The Armada of the Strait: James P.R. Lyell and the Relación of Pedro de Rada

The publication of Carla Rahn Phillips’ The Struggle for the South Atlantic ensured that the Relación by the sixteenth-century Spanish clerk Pedro de Rada is now for the first time made available in print. Only acquired by a public institution in 1999, the Relación had a long and still little-known life in private hands. In this blog post, the independent specialist in antiquarian books and Hakluyt Society Council member Anthony Payne sheds light on this story by focusing on the manuscript’s twentieth-century owner, the British solicitor and bibliophile James P.R. Lyell.


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A source of great satisfaction for an antiquarian bookseller is to discover a rarity and to see a major work of scholarship result from its acquisition by a research library. One such instance for me was the Hakluyt Society’s publication in December 2016 of The Struggle for the South Atlantic: The Armada of the Strait, 1581–1584, splendidly translated and edited by Carla Rahn Phillips from the Spanish manuscript Relación of Pedro de Rada, now in the Huntington Library, San Marino, California (MS HM 59416).

The Huntington purchased this from the antiquarian booksellers Bernard Quaritch Ltd in 1999, when I was one of the company’s directors. We had bought the manuscript shortly beforehand from another book dealer in London and, as soon as I had catalogued it, we offered it for sale as item 167 in our Catalogue 1257. It was promptly ordered by Bill Frank, the Huntington’s Curator of Hispanic, Cartographic and Western Historical Manuscripts, and was delivered to the library as soon as we received an export licence.

Professor Phillips has identified the 1742 ownership inscription of one Pedro de Chópite (possibly from the Basque country) in the manuscript, but this apart, nothing is known of its history until the twentieth century when it was acquired by James P.R. Lyell (1871–1948), whose distinctive bookplate is affixed to the margin of the first leaf.

A solicitor by profession, Lyell was a distinguished book collector and bibliographer. He developed an especially close relationship with Oxford’s Bodleian Library, which is marked by the bequest of one hundred of his medieval manuscripts to the library and his endowment of the Lyell Readership in Bibliography at Oxford.

At a talk he gave in 1939 on ‘books and book collecting’, Lyell recalled that ‘I began collecting at school – nibs and postage stamps’. He sold his stamps to eke out his father’s allowance as an undergraduate at University College London, and next, while training to become a solicitor, began to collect books, attending his first auction, at Hodgson’s rooms, in 1891. ‘Book-hunting’, the Oxford historian David Ogg remarked, then became Lyell’s ‘absorbing hobby, and if he parted from time to time with some of his treasures he knew there were always others waiting to be tracked down by the discerning collector’.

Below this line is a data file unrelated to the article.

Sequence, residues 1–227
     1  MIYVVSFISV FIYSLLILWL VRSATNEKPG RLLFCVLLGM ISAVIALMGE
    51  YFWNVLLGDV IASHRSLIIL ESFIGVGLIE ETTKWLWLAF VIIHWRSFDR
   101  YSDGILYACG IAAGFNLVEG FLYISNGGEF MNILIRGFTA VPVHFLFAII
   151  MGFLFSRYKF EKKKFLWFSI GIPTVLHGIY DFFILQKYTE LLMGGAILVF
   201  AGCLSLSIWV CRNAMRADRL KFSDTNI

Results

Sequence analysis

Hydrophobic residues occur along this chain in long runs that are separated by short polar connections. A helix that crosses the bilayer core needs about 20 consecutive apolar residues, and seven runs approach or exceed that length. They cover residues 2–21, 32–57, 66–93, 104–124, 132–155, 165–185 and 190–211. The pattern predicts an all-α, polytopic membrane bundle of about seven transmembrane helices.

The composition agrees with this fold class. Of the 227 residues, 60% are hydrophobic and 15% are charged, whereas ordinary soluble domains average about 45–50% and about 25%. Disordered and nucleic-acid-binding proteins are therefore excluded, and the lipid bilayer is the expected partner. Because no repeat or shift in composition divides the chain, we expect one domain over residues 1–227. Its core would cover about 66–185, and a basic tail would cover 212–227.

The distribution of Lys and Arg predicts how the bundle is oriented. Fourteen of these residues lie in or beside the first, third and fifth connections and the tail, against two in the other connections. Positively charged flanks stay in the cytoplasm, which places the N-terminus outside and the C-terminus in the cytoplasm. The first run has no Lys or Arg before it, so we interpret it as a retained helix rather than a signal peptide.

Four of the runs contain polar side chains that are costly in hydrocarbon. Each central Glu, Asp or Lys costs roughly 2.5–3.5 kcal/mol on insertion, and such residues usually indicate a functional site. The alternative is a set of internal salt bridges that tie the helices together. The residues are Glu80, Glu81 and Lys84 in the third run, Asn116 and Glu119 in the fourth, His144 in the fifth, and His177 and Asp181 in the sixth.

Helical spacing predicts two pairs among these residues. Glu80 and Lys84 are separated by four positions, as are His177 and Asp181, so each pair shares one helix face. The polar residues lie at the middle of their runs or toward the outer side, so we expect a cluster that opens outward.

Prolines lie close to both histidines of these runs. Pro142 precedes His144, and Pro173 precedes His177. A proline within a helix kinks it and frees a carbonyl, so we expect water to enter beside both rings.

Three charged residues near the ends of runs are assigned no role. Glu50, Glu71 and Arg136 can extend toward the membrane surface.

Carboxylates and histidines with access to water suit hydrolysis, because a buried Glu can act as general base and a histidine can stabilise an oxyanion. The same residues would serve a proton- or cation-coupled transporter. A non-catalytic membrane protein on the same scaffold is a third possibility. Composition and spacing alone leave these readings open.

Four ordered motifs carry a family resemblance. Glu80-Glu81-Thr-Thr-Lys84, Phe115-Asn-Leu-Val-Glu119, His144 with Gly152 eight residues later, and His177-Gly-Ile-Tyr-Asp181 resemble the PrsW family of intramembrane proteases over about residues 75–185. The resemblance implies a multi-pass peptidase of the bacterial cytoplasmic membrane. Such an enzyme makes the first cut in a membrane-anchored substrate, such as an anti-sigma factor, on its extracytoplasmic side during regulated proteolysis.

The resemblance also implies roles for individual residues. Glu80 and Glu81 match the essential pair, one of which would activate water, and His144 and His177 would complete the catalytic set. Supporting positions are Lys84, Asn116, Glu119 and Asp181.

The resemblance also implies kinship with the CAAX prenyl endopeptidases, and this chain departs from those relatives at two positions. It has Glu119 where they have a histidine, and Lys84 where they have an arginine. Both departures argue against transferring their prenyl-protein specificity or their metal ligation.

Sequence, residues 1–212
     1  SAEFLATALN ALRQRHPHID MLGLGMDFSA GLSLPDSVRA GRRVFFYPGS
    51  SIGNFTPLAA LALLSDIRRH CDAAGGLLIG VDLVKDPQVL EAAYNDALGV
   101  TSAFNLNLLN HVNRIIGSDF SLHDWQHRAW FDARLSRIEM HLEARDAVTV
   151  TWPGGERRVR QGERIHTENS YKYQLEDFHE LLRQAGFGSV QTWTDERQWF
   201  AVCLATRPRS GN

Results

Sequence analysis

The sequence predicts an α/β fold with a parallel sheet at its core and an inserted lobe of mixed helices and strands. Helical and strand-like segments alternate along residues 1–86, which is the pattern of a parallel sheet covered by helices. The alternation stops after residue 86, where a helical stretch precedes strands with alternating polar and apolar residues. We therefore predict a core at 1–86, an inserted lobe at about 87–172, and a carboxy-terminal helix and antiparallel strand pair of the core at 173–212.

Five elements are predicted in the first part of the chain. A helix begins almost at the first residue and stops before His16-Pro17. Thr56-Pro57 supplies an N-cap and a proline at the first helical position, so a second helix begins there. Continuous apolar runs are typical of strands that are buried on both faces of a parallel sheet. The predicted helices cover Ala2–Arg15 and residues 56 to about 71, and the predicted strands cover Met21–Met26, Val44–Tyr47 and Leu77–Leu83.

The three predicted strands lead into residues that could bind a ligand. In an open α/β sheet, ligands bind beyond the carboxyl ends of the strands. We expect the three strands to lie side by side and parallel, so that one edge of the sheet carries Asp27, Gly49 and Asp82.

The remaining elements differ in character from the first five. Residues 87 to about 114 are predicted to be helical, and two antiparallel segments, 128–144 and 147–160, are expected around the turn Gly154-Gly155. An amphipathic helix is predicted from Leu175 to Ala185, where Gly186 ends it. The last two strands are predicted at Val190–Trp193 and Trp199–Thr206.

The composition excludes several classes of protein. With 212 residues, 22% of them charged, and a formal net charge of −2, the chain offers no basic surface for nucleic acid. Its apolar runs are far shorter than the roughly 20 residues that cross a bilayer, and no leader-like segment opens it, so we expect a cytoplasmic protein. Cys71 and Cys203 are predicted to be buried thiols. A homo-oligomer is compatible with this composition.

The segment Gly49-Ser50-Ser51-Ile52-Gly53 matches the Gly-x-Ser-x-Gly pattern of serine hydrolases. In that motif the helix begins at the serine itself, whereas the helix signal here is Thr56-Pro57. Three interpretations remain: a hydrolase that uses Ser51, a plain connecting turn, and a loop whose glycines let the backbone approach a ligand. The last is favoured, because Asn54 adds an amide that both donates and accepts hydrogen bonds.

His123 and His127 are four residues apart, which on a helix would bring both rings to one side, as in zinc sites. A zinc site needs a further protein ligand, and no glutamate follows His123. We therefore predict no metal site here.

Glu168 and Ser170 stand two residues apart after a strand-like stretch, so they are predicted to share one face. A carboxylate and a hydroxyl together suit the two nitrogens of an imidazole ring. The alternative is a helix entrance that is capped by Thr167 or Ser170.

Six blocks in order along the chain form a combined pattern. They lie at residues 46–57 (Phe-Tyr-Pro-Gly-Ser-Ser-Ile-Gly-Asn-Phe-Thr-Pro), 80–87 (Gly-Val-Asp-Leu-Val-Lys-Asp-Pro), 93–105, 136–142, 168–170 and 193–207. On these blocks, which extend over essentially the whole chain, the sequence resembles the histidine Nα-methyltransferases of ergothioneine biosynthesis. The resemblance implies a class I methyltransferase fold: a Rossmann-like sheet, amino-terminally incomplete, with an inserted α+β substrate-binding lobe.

Early printed books were Lyell’s first interest. In 1914 he chanced to buy at Hodgson’s a copy of the Complutensian Polyglot, the magnificent six-volume Bible printed in Latin, Greek, Hebrew and Aramaic at Alcalá de Henares in 1514–17. When he got home from the sale, Lyell said, ‘I found that I had been fortunate enough to secure at a war-time price one of the most famous books in the world’, and it sparked a deep engagement in all books Spanish that led him to collect almost exclusively in that field for the next dozen or so years.

Not only did Lyell collect, but he learnt Spanish, travelled to Spain, and published a biography of the sponsor of the Complutensian Polyglot, Cardinal Ximenes, Statesman, Ecclesiastic, Soldier and Man of Letters with an Account of the Complutensian Polyglot Bible (London: Grafton, 1917), as well as a major study of Early Book Illustration in Spain (London: Grafton, 1926), which became the standard authority on the subject (in 1997 it appeared in a Spanish edition with updated notes). In time Lyell formed the largest private collection of Spanish books in Britain, but in 1927 he decided to move from London to Oxford and parted with most of its rarities, notably the works illustrated with woodcuts.

An allied bibliophilic pursuit of Lyell’s was his collection of books on the Spanish Armada (‘a very fine one’ he considered it). Research on this was the basis for the B.Litt. thesis awarded to him in 1932, aged sixty-one, as a member of New College, Oxford. He later sold the collection to Thomas W. Lamont, a partner in Pierpont Morgan & Co., who then presented it to Harvard.armada-straits

It can readily be appreciated, therefore, that Lyell’s acquisition of the manuscript of Pedro de Rada’s Relaciónreflected not only his interest in Spanish books but also in the naval history of the 1580s. I have not been able to discover when or where Lyell obtained it – it was perhaps on one of his visits to Spain, or maybe in the London trade, for example, from the leading booksellers, Maggs Brothers, who handled much high-quality Spanish material in the 1920s. Nor is it clear whether Lyell disposed of it during his lifetime or not. From the mid-1930s his focus turned to medieval manuscripts and these constituted the principal element in the collection dispersed after his death in 1948.

Items not bequeathed to the Bodleian, or bought from Lyell’s executors by the Bodleian (and a few by the National Library of Scotland), were acquired by Quaritch in 1951 and many, but not all, were included in Quaritch’s Catalogue 699, issued in 1952. Rada’s manuscript is not among those in the catalogue. It is possible that it was among Quaritch’s other, uncatalogued, purchases from Lyell’s collection, but this cannot be established from the firm’s surviving records for this period. It seems equally likely that Lyell sold it during the 1930s as his collecting interests developed in new directions.*


Anthony Payne is an antiquarian bookseller and past Vice-President of the Hakluyt Society. Besides his work in the antiquarian book market, Anthony Payne is engaged in historical research and has lectured at Princeton University, the University of York, the Warburg Institute, the National Maritime Museum, Gresham College and University College London. He is currently working on a major bibliographical study of Richard Hakluyt (1552–1616) and has previously published a short introductory survey, Richard Hakluyt: A Guide to His Books and to Those Associated with Him 1580–1625 (London: Bernard Quaritch Ltd, 2008).